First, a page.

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Xi Jinping is purging China's military — and it could disrupt its race to catch up to the US

Thibault Spirlet   

Xi Jinping is purging China's military — and it could disrupt its race to catch up to the US
  • Xi Jinping is purging military officers from their positions.
  • The Chinese president removed nine senior officials from their posts last Friday.

Chinese President Xi Jinping's recent purge of the country's military generals has weakened its armed forces and highlighted corruption in its ranks, analysts told Reuters.

During his tenure, Xi has intensified anti-corruption efforts across China's government and the People's Liberation Army (PLA), Reuters reported.

Last Friday, this culminated in the president axing nine senior military officers from their positions.

Among them were three former commanders or vice commanders of the PLA Rocket Force, which looks after China's nuclear missiles, a Navy commander who oversaw the South China Sea, a former Air Force chief, and four officers who were in charge of equipment, per Reuters.

"It is a clear sign that they are being purged," Andrew Scobell, a Distinguished Fellow for China at the United States Institute for Peace, told Reuters.

Alfred Wu, an associate professor at the Lee Kuan Yew School of Public Policy in Singapore, said there were likely more purges to come.

"More heads will roll. The purge that centred around the Rocket Force is not over," he said, per Reuters.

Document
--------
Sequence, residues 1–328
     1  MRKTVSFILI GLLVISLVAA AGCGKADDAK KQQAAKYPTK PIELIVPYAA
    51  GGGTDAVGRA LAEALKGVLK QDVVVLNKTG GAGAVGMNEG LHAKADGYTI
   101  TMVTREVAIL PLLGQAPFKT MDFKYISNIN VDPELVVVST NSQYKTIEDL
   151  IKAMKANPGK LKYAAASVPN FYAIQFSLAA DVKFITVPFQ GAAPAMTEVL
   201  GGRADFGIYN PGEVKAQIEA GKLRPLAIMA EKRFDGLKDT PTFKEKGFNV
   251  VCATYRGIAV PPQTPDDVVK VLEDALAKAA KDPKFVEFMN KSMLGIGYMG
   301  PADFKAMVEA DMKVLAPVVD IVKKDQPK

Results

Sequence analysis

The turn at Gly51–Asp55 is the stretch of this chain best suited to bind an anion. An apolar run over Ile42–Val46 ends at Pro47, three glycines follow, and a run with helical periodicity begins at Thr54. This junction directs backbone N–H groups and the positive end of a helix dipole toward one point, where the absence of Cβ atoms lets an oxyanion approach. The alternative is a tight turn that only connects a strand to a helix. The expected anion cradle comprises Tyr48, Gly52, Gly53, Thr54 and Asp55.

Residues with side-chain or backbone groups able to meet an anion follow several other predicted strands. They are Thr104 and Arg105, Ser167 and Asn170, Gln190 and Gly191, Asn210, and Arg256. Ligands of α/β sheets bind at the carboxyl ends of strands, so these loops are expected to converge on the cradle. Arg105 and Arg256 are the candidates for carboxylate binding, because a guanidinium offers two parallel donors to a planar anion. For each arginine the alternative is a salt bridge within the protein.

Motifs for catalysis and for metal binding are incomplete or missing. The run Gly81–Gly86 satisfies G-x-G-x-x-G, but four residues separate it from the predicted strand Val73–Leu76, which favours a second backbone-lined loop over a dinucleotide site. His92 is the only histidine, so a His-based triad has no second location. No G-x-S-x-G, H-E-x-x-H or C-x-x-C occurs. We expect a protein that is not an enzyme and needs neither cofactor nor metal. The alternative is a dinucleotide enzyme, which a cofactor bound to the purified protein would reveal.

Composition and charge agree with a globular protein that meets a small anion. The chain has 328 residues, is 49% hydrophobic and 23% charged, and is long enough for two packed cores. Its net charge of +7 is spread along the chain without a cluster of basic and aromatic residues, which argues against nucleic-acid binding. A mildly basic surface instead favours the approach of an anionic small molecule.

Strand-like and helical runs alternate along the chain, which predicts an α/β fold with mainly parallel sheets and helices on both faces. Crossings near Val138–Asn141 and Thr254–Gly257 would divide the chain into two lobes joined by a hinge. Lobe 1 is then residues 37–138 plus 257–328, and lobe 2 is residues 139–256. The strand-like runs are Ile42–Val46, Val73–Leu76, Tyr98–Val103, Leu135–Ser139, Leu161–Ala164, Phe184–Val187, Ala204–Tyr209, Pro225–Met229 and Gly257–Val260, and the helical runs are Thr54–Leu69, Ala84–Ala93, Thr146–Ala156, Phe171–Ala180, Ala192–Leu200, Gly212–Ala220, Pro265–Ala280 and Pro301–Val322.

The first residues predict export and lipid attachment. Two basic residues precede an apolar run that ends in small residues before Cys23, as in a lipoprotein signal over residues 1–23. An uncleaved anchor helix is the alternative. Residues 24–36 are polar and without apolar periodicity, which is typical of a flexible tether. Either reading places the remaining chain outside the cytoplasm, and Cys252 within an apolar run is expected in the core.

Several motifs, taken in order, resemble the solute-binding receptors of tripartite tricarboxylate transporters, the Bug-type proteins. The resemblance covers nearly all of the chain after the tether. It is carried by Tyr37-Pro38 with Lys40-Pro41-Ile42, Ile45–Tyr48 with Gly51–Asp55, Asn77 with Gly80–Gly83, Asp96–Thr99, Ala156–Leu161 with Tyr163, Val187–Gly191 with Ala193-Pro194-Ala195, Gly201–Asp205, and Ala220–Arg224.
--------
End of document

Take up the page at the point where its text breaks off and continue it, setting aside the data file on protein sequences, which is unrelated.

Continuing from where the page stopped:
While the Chinese government has not provided any reasons for why the generals were removed from their posts, some analysts said it was due to corruption within the Rocket Force over how they have gotten equipment.

Others, such as Yun Sun, the director of the China Program at the Stimson Center think tank, noted that the purge had weakened China's military.

And that could disrupt China's race to catch up with the US's military power.

China has been attempting to close the gap with the US in recent years, building the world's largest navy and planning a series of overseas military bases.

But as of now, China remains at a significant tactical disadvantage compared to the US.

In a recent interview on The Michael Medved Show, retired US Navy Admiral James Stavridis said that China was not ready to fight the US in the next 10 years.

Despite China's huge navy and shipbuilding capacity, the US military would prevail thanks to its military alliances, Stavridis said.

"If we ended up in a war with China, it wouldn't be just the US and China," he said.

Relations between the two superpowers deteriorated last year, with tense military encounters over the South China Sea and the US military shooting down a Chinese surveillance balloon over the continental US.

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